Gastón Joya and his New Cuban Trio: sober, fast-paced, traditional
Go to Jazz Plaza concert on Monday at 6:30 in the afternoon is one of the most anachronistic sensations that a regular of these appointments can feel. Like me, they must have thought the dozens of people who did not occupy the numerous empty seats of the Covarrubias of the National Theater, a room in which bassist Gastón Joya and his New Cuban Trio radiated beauty for about an hour (the most curious part of case is that I arrived minutes before the beginning of the presentation and at the box office they announced that the tickets were sold out ...).
Superbly escorted by the talented Marcos Morales and Adrián Estévez -battery and piano, respectively-, Gastón only needed to offer us drinks to move completely from the rigid seats of the theater to the cozy half-light of the jazz club, thanks to a discreet and successful use of lights and smoke machines and the intimacy of their musical proposal, closer to the jam than to the formal concert.
Gastón Joya and Marcos Morales in the Covarrubías room of the National Theater of Cuba, at the Jazz Plaza 2019 Festival. Photo: Gabriel Guerra Bianchini.
After a decade of elbowing the world jazz elite, thanks to his participation in bands like Harold López-Nussa, Omara Portuondo and Chucho Valdés, Gastón has won in his own right a place in the Olympus of the genre on the Cuban island . His spectacular sense of rhythm, the musicality of his performance, his ability to serve as a perfect hinge between rhythm and melody and his continued defense of the use of the contrabass make him the absolute heir of the Cuban tradition of bassists, that which links Cachao with Carlos del Puerto with that Cuban spirit that is Javier Colina.
They had to spend 33 years of Jazz Plaza and 31 of Gastón's life for him to have his first solo concert at the Festival. As is clear, these jousts were not alien to him at all. But it was now that it was time to speak in the first person.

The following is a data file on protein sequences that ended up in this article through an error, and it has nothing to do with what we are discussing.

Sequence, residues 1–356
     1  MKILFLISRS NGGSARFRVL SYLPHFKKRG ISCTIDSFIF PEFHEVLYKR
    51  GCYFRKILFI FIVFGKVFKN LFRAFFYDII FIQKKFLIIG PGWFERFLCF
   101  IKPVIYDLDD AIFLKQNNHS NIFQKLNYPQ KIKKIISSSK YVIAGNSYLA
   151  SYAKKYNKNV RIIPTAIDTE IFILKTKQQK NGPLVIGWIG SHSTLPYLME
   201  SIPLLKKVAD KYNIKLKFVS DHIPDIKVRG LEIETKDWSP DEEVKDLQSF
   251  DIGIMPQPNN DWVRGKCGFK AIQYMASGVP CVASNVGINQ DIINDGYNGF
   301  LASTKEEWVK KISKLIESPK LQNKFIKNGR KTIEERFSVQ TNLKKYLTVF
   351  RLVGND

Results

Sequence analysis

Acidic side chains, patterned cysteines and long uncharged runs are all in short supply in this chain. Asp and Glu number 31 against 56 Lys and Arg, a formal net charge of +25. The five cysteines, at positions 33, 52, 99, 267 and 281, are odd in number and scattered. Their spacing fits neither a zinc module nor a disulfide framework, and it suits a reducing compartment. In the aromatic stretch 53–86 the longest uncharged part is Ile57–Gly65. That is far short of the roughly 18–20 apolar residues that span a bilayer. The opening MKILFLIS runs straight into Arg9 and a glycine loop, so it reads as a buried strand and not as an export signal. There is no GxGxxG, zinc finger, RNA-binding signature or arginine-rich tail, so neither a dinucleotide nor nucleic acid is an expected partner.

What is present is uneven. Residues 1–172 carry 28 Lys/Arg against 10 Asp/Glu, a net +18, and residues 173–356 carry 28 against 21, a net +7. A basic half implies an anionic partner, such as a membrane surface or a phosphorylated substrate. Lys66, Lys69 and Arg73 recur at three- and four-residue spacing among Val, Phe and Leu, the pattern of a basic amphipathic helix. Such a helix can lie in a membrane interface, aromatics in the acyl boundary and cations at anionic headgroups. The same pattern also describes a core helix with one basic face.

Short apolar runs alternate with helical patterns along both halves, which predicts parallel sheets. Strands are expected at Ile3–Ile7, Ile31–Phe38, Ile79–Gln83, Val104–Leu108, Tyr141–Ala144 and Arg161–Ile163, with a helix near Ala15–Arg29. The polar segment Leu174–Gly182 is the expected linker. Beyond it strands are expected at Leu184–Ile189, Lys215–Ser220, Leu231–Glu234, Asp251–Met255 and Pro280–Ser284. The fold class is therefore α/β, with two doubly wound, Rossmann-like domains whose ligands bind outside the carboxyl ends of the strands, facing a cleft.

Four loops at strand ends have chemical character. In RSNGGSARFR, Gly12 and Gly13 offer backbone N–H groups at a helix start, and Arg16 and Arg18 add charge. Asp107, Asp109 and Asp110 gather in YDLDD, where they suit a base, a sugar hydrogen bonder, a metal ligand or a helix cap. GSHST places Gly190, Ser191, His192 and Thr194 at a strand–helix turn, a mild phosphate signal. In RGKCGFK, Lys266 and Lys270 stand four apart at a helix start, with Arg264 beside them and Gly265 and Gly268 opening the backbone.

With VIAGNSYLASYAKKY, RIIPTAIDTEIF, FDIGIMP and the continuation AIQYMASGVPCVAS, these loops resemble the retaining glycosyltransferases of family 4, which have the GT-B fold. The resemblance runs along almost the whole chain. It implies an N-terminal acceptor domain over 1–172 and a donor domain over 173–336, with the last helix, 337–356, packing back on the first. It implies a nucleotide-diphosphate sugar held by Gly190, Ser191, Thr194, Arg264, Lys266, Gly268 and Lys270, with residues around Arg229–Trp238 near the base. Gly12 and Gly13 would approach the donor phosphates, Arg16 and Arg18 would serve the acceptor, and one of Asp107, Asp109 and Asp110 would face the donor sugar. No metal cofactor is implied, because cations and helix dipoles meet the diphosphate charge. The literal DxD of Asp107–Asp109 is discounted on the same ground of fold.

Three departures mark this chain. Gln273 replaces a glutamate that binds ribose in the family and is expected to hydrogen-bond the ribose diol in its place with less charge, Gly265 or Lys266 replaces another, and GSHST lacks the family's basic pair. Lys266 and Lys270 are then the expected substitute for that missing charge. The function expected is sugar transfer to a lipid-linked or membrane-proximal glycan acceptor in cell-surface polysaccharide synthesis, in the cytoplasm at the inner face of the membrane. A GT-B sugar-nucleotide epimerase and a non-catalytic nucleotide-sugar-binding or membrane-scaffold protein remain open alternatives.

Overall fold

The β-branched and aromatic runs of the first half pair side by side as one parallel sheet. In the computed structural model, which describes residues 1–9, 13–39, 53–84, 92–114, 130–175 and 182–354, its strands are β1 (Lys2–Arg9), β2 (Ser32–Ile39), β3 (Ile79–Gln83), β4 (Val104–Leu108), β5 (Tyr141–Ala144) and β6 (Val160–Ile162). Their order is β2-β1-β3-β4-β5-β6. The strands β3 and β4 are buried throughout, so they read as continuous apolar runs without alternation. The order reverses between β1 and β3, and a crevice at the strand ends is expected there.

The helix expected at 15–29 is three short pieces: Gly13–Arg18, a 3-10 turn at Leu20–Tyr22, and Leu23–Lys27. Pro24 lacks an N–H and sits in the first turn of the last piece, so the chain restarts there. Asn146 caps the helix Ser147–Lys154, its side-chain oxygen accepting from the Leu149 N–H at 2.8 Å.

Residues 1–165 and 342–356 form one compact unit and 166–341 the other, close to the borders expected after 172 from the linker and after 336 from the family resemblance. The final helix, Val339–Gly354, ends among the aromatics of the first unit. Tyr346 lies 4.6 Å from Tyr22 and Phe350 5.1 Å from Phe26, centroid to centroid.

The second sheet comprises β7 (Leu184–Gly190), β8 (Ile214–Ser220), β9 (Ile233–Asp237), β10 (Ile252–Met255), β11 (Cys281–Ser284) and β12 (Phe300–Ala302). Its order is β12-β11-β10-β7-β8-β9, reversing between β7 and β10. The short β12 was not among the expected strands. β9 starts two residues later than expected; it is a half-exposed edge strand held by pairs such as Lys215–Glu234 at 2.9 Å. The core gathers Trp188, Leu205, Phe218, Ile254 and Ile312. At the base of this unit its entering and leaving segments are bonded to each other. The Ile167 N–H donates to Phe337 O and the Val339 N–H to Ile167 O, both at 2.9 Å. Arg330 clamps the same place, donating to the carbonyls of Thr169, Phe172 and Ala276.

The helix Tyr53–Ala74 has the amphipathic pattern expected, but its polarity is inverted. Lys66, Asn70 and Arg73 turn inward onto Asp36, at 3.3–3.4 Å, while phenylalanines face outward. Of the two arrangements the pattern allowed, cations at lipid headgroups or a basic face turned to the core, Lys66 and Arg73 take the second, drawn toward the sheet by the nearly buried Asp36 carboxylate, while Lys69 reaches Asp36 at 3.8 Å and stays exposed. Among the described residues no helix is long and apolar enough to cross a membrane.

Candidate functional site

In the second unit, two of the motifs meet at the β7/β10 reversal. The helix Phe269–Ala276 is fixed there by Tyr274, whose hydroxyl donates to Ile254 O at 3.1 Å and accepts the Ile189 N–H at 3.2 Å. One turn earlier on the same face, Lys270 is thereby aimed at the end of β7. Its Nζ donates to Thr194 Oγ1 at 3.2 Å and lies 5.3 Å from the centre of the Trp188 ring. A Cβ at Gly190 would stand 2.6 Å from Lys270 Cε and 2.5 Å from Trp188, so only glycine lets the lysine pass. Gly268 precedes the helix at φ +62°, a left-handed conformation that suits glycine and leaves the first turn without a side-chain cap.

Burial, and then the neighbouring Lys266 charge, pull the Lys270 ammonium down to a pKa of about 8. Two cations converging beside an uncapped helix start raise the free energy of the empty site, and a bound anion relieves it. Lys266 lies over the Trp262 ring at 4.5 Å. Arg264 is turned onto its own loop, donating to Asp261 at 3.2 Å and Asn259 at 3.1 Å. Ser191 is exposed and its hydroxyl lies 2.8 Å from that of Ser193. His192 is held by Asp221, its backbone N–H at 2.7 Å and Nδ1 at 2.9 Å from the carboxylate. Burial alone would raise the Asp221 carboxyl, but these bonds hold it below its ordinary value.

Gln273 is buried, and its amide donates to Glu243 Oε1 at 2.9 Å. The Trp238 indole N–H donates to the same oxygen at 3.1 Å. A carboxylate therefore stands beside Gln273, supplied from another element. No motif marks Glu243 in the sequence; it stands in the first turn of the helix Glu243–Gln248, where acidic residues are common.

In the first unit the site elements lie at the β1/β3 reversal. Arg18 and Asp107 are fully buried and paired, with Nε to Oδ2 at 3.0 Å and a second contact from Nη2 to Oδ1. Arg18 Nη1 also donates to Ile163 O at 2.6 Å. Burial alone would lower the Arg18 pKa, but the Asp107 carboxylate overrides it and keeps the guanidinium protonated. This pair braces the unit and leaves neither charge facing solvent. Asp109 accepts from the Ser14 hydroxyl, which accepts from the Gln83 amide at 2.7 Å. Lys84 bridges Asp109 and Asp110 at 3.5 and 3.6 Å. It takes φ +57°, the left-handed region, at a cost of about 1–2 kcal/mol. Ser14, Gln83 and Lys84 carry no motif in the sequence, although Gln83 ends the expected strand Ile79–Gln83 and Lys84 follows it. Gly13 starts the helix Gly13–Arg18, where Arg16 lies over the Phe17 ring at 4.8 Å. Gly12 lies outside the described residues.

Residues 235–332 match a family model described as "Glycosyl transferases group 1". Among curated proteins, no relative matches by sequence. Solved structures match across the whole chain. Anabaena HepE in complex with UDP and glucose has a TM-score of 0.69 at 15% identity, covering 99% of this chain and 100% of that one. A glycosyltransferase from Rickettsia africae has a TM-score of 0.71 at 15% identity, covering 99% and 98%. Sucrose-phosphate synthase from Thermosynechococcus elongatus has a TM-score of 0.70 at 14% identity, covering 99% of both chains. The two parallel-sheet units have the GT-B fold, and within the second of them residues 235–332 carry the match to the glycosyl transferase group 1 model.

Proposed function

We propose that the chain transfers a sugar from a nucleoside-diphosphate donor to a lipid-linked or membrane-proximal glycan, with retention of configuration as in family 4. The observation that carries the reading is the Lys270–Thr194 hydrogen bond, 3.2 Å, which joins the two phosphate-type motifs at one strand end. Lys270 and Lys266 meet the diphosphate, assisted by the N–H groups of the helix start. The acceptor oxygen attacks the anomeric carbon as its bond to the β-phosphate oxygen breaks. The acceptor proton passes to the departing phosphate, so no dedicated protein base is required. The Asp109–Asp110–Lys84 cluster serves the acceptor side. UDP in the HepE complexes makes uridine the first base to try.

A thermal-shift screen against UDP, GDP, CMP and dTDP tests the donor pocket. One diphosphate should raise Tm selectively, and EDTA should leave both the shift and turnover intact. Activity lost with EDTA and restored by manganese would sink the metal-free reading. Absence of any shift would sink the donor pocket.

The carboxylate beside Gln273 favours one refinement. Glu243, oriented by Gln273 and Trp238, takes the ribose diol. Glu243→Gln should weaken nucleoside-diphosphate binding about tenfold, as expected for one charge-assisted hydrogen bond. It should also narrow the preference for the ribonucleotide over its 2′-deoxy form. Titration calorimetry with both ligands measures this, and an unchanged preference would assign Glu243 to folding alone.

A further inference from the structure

Last Monday was a personal tour of all that music that backs it, and began with the standard Mambo Inn, by Mario Bauzá, one of the foundational pillars of the cross between Cuban and North American jazz. In the future, the trio reviewed a good part of Mom Ina, his most recent album (selected as one of the best of 2018 by this magazine), a mix of classics like No te empeñes más, by Marta Valdés - "let's say, she's a jazz composer," she said - and I besieged her, of Rafael López, with themes of his own authorship, in which Gastón confirms his credentials as a man of roots.
Special mention for topics such as Messie Julian, by Armando Oréfiche and popularized by Bola de Nieve, and Three cute Cuban, by Antonio María Romeu, in which the guests of the night came on stage. Bobby Carcassés, inspiring spark plug and blessed guilty that there is a jazz festival in Havana, he endorsed Bola's song with a version in the scat what he likes so much For his part, Enrique Lazaga, teacher of generations in the art of danzón, and Gabriela Joya, younger sister of the bassist, added güiro and flute to deliver an execution in the purest style of the brass bands.
Gastón has built a particular church around his instrument, a church in which he serves as a prophet and preacher, and to which he invites us from time to time. We can commune or not, but that is not what sustains their faith, if not the passion confessed by Cuban traditional music and that column of wood, air and steel called double bass.
In the dialogue that is jazz (never competition, something that many often forget) Gastón converses with another era, it is synthesis and antithesis at the same time of the Cuban jazz avant-garde, edge and center, in a sort of curious Schrödingerian phenomenon.
Would someone be shocked at this point if I say that Gastón Joya is the best bass player in current Cuban jazz? I suspect not too many people. Equal exaggeration, but what are good concerts, if not to leave us in that state of hyperbolic ecstasy.